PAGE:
Gaines has in the past said the eastern states of Australia needed to recognise both the contribution of Western Australia to the national economy and the importance of a strong relationship with China.
She emphasised both points in a speech to the Melbourne Mining Club yesterday.
Gaines said WA punched above its weight, accounting for 43% of Australia's exports, despite having only 10% of the population.
EY modelling commissioned by FMG found the iron ore sector contributed A$58.7 billion in gross value add to Australia in FY19, representing 32% of the total GVA of the resources industry.
"Remarkably, when you look at iron ore and exclude the rest of the resource sector, the iron ore industry contributes relatively more to the nation's economy than the entire accommodation and food services, and information, media and telecommunications sectors," Gaines said.
"At 3% of GDP, the iron ore sector directly contributes 68c to the economy per dollar of output, and the indirect contributions are also significant, with a further 17c per dollar flowing through strong linkages to other industries.
"In total, the indirect contribution of the sector equates to an additional $14.5 billion in GVA."
China receives over 80% of Australia's iron ore and 92% of FMG's in FY19.
Gaines said business needed to influence policy debates with the most critical one being Australia's relationship with China.
"The reality is we simply can't ignore the importance of our trading relationship with China," she said.
"China produces a little over half of the world's steel with 928 million tonnes produced in 2018. While other markets are also well established, their volume is substantially less than China's."
Much has been said about a slowdown in China, particularly as the US-China trade war impacts are felt, but Gaines said growth in the country remained robust.
"China's growth is taking place in a global economy and this is a fact that we can't ignore," she said.
"We all operate globally whether as sellers or buyers and we all have options. Those who think that growth is going to slow or that China won't continue to look to develop broader markets for supply, would be at risk of underestimating some important factors."
On a trip to the US last month, Australian prime minister Scott Morrison said China was no longer a developing country and trade rules should reflect that.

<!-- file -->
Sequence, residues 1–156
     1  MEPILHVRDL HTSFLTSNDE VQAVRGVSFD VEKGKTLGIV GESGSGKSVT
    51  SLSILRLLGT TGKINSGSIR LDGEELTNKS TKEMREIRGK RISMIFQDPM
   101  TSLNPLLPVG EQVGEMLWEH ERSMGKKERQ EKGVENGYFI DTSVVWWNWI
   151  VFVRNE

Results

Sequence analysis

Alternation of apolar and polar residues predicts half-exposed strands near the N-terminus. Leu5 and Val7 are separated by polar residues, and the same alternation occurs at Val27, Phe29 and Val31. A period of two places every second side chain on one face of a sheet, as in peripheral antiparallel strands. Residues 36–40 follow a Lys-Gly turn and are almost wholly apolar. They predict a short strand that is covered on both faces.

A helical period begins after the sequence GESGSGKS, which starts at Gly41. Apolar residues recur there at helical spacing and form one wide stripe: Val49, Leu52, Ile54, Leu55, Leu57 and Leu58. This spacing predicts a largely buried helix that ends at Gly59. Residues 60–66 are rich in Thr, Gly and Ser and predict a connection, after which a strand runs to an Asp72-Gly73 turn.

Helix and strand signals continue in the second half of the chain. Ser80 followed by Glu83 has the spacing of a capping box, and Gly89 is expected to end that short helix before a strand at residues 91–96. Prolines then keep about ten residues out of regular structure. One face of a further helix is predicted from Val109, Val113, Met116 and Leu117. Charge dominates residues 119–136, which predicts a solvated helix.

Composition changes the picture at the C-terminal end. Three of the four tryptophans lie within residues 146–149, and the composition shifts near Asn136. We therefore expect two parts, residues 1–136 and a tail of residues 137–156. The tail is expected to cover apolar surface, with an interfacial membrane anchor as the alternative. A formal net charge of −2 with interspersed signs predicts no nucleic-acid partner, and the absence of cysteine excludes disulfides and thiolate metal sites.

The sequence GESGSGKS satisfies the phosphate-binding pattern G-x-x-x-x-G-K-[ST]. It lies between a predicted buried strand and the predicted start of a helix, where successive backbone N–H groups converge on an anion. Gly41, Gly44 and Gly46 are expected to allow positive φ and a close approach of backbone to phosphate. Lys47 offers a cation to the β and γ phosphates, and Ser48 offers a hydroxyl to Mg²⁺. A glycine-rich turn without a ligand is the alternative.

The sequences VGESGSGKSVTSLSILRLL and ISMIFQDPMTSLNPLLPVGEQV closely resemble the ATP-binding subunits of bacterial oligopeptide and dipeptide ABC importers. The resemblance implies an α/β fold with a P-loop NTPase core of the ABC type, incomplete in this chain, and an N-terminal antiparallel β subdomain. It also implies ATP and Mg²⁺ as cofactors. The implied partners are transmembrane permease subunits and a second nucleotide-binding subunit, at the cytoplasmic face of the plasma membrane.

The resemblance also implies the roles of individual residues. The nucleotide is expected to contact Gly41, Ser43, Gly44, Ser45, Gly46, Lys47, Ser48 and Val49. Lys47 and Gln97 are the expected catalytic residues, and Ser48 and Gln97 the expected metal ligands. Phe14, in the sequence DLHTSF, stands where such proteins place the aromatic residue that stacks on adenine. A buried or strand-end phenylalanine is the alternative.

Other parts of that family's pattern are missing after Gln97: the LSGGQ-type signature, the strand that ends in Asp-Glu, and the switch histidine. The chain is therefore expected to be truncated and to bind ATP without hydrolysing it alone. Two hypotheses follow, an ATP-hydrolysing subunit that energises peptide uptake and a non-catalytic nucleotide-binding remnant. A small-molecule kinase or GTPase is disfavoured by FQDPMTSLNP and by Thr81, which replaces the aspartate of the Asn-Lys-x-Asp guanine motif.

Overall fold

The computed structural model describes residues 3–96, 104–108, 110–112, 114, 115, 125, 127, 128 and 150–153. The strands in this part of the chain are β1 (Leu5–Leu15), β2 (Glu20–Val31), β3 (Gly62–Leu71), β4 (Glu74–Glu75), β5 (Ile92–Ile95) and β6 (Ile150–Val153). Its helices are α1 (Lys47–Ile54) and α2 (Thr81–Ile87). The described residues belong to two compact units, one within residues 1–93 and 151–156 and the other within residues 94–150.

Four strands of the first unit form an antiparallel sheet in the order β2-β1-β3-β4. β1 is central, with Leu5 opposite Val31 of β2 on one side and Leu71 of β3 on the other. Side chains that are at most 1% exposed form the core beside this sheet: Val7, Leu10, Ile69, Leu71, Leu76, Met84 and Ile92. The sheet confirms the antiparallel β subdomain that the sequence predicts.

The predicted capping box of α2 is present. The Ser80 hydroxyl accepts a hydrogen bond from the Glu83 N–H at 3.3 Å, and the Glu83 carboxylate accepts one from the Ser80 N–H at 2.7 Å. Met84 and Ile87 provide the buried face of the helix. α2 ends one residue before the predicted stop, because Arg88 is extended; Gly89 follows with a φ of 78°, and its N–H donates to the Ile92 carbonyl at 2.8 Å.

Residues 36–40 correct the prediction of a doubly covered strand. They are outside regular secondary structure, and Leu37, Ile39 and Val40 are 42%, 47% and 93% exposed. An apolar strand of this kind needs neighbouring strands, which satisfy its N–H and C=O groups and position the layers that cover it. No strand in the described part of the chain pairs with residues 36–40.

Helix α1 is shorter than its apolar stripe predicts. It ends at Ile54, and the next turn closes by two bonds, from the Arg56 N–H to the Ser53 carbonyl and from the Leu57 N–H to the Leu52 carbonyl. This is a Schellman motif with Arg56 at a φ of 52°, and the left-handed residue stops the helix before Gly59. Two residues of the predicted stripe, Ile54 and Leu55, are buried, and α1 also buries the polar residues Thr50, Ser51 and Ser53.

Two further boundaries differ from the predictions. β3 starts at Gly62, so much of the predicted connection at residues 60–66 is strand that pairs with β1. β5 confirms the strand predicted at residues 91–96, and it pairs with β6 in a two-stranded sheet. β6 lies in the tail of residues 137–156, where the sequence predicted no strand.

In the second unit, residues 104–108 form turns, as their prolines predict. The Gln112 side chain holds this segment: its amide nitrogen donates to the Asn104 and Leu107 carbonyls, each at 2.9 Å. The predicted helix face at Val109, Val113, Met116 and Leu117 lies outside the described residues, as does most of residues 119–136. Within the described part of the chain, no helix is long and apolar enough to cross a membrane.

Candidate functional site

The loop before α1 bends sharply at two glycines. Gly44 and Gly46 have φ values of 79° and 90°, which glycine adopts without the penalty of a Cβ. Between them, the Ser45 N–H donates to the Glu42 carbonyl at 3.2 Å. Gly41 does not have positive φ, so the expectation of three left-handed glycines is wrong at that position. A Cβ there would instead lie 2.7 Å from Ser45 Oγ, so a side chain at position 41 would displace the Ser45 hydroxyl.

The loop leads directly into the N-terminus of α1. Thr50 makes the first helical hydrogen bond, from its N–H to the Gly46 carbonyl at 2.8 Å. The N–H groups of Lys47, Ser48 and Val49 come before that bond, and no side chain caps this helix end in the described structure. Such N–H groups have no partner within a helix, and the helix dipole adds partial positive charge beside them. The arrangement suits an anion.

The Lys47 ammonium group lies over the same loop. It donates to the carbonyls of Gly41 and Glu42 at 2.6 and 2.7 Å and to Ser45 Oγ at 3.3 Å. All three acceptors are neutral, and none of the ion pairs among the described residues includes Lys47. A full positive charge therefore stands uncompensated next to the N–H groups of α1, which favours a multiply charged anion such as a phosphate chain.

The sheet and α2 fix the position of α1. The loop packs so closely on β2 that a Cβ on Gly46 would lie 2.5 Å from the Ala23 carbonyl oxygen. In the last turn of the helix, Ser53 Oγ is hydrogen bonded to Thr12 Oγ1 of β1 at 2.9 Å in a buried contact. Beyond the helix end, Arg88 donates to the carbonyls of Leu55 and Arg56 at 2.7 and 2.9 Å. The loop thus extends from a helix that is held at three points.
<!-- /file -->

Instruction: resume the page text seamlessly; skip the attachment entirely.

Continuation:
Gaines disputed his assessment.
"While still a developing country, China has the second fastest GDP growth rate among major economies and its journey of urbanisation and industrialisation is set to continue for decades to come," she said.
"In 2018, China's urbanisation rate reached close to 60%. For comparison, no other major OECD nation reached domestic steel output peak before their urbanisation rate hit well above 70%.
"China's commitment to its Belt and Road initiative is driving demand for steel throughout the region and finally, and perhaps most significantly, the Chinese government has a wide range of policy options at its disposal and has demonstrated its willingness to apply those levers to stimulate the economy through investment and infrastructure."
FMG is currently building two new Pilbara projects, the Eliwana hematite mine and the Iron Bridge magnetite operation, reflecting continuing strong demand for iron ore.
The company is also bidding for blocks 1 and 2 of the Simandou iron ore deposit in Guinea.
JP Morgan said Simandou could offer attractive investment returns should a low capex, trucking operation be pursued given its high grades and could also provide FMG with Pilbara blending opportunities.
"However, given where Guinea ranks vs Australia in terms of sovereign risk etc. we don't envisage that there will be widespread investor support for the project, if it was awarded to FMG," analyst Lyndon Fagon said.
"A large scale pursuit of Simandou could also change the FMG investment case for some investors based on ESG screens, along with development risks."
JP Morgan retained an overweight rating for FMG and $9.40 price target.
FMG shares rose 3.5% this morning to $8.76.
The reporter is a volunteer member of the Melbourne Mining Club steering committee.